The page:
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Author Topic: Faversham Old Brewrey  (Read 3766 times)

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seafordpete

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Re: Faversham Old Brewrey
« Reply #9 on: December 25, 2010, 10:18:00 »
Another bit of info, I went to Gales brewery at Horndean about 10yrs ago, they had a number of the smaller coopered Frementing Vessels there which they had bought from Faversham. No idea if they are still in use now Gales is part of Fullers but your London Pride may well have Faversham links

PowerSurge

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Re: Faversham Old Brewrey
« Reply #8 on: December 23, 2010, 18:32:56 »
That rings a bell about the loading stage

seafordpete

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Re: Faversham Old Brewrey
« Reply #7 on: December 23, 2010, 13:12:04 »
There were numerous vaults and cellars under most parts of the site but the only one that I knew of  was a duct with a couple of beer mains (pipes) that went across the road to Sheps. Most likeley your one was either for the clean casks coming down or the full ones to go up to the loading stage. II seem to remember some pictures of the cellars on an Urb Ex site in which they claimed the rolling tracks/skids in the floor were a miniature railway for hauling casks. There was a large cellar under the main offices fronting onto Court St that had a secure walk in vault as well as masses of old paperwork from the 1930s -bills advertising, cancelled cheques etc.

PowerSurge

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Re: Faversham Old Brewrey
« Reply #6 on: December 23, 2010, 13:03:36 »
Thanks for the replies. Its always fasinating to see how places used to look. I was shown around what reamains of the cellars at the brewery as well and saw the enterance to an old tunnel that I think lead towards the creek, sadly its now sealed up.

Offline sheppey_bottles

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Re: Faversham Old Brewrey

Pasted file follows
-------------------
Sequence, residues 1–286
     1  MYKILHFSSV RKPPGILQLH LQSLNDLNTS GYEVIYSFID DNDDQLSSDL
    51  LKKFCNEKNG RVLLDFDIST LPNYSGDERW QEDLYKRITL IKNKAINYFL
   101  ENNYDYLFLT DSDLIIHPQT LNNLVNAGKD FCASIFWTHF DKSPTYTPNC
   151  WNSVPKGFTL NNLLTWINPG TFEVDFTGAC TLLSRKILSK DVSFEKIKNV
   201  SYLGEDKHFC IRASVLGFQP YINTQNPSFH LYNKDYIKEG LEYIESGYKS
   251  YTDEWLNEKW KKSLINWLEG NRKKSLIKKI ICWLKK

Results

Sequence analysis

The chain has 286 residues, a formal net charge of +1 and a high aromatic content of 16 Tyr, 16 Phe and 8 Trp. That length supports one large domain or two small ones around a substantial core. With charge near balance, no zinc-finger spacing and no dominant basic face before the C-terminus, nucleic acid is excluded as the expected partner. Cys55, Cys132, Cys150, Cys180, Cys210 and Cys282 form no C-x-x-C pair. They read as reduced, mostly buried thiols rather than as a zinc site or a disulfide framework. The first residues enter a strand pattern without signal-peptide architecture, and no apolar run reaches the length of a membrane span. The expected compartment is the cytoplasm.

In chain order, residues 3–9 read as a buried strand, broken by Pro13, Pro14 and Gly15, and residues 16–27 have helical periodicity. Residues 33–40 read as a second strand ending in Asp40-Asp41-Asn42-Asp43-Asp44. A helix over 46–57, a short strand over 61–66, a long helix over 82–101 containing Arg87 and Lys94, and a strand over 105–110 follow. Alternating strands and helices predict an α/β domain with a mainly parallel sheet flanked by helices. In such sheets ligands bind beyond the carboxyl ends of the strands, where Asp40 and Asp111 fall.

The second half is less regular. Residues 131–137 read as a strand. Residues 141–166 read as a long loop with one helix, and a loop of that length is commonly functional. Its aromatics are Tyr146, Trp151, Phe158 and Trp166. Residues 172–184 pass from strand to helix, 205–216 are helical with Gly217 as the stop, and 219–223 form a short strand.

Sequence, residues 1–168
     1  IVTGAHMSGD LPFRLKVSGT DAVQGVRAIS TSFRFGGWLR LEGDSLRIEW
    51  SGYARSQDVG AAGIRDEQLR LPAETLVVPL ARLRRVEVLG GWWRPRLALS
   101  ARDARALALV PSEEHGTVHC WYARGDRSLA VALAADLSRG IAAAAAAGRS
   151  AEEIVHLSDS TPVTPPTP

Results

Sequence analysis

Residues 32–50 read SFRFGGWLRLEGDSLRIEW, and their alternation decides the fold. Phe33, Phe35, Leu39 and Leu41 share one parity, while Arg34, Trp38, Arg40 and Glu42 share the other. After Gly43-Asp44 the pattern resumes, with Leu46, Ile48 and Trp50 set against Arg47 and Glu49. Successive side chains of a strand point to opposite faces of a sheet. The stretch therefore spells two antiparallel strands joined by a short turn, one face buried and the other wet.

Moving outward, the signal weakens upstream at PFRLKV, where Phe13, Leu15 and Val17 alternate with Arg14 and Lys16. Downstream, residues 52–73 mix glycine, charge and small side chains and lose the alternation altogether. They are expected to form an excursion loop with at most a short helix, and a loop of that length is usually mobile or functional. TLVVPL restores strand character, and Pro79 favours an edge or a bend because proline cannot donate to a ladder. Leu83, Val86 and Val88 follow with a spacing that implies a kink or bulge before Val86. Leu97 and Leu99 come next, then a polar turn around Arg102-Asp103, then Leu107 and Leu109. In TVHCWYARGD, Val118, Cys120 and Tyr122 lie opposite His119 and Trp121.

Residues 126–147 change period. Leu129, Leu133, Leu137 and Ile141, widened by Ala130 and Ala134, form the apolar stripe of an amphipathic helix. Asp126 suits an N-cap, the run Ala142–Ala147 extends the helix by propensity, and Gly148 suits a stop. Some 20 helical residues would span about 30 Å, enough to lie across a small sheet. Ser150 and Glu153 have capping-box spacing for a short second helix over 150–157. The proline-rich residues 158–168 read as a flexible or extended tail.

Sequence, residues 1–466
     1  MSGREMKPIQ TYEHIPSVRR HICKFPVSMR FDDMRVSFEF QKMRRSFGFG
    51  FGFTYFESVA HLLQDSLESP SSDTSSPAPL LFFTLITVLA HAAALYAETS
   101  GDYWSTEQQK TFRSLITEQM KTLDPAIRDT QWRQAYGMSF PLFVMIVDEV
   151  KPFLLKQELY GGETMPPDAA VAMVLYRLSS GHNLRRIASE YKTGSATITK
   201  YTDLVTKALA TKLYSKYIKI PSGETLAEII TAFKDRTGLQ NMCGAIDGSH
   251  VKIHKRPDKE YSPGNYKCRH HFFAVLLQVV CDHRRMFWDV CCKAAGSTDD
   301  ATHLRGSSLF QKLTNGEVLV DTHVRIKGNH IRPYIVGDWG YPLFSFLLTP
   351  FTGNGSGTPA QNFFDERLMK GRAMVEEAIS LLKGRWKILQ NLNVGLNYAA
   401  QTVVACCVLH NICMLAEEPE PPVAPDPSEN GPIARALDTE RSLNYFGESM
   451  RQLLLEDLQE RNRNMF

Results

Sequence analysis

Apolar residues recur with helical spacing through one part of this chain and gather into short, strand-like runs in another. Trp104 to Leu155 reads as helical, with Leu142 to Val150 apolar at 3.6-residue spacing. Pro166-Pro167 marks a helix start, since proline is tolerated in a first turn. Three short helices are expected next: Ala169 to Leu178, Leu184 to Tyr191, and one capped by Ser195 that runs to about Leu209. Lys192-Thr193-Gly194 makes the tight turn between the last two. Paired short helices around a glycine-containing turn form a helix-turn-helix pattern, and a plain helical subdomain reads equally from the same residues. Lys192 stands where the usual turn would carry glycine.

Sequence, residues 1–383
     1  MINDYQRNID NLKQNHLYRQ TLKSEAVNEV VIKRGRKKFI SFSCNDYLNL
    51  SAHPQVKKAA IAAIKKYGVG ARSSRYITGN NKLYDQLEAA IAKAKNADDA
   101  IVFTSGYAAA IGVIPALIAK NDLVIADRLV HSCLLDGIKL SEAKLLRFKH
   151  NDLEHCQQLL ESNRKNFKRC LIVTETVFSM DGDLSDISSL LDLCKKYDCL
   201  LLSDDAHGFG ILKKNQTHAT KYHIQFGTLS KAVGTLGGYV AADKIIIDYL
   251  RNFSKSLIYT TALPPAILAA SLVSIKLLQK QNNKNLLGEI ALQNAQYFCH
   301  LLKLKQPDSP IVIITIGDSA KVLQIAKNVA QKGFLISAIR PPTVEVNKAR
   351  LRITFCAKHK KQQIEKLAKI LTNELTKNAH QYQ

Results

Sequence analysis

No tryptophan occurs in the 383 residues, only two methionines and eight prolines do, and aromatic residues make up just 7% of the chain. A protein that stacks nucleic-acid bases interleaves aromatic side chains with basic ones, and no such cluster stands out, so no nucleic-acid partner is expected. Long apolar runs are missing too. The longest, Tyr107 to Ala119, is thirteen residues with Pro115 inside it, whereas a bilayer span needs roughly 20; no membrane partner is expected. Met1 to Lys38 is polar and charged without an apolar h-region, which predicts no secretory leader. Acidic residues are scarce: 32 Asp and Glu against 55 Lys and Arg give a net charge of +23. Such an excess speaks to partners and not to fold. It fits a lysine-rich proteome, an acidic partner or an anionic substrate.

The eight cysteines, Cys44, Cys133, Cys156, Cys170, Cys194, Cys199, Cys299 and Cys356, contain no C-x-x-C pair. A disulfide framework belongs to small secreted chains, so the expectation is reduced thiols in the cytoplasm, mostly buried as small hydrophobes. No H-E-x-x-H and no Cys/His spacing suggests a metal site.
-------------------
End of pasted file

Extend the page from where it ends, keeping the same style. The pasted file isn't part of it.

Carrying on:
« Reply #5 on: December 21, 2010, 19:08:28 »
If only the clock could be turned back to see all the original workings and goings on seafordpete. Sounds like you saw the best of the last of it..wish I had been there. :)

seafordpete

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Re: Faversham Old Brewrey
« Reply #4 on: December 21, 2010, 19:04:55 »
The gardens on the right were the Head Brewers. In the 1970s they were ripped up and tarmaced to make a trailer park for tankers delivering to the bottling stores. The left hand block held the malt bins, mills and mash tuns and the coppers. The Right hand block was the fermentaion rooms at the top, conditioning rooms below and then the cellars. The Malting is the block in the middle with 3 cowls, Water tanks at the top for steeping the grain and then the sprouting floors, All sealed up in my time and no idea where the malt kilns were. The bridge had gone by 1970 when I first went there, in fact never knew ther was one. The left chimney was the Boiler house  and I'm guessing the right one may be for the coppers or a seperate boiler for the cask wash plant. This thing had to be seen to be believed, especially ion a winters day. It was called a Goliath washer and essentially a cradle ( think of a huge swingboat at the fair)that moved the casks over a number of jets of cold water to rinse out then hot, then steam. In an open side shed it looked like a scene out of Dickens, wreathed in clouds of steam.  The casks then went down a skid and under the roadway to the cellars on the right hand block

Offline sheppey_bottles

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Re: Faversham Old Brewrey
« Reply #3 on: December 21, 2010, 18:42:09 »
Here is an image of the old brewery from a trade card in my collection..cannot find it right now but here is an image I had on the PC.


seafordpete

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Re: Faversham Old Brewrey
« Reply #2 on: December 21, 2010, 09:56:34 »
Nostalig photos for me, thanks. I never went to that area and had a job to work out where it was but think it must have been behind the cask return and wasking yard

PowerSurge

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Faversham Old Brewrey
« Reply #1 on: December 20, 2010, 20:43:15 »
Thanks to the lovely guys from Pearce, I had the chance a while back to climb the chimney at the old Faversham Brewery, Which is amazing feat for me as I detest heights. Like the third Loco Shed in Faversham this building is actually been saved and renovated and turned into flats as well as an extension to our Tesco's.

The site manager played on my fear of heights a little bit when he explained that the scaffolding was canter leaver and only attached to the chimney by two pivot points and some weights.

Here are a couple of shots from the day. I would love to hear what stories people have about this place.
















 

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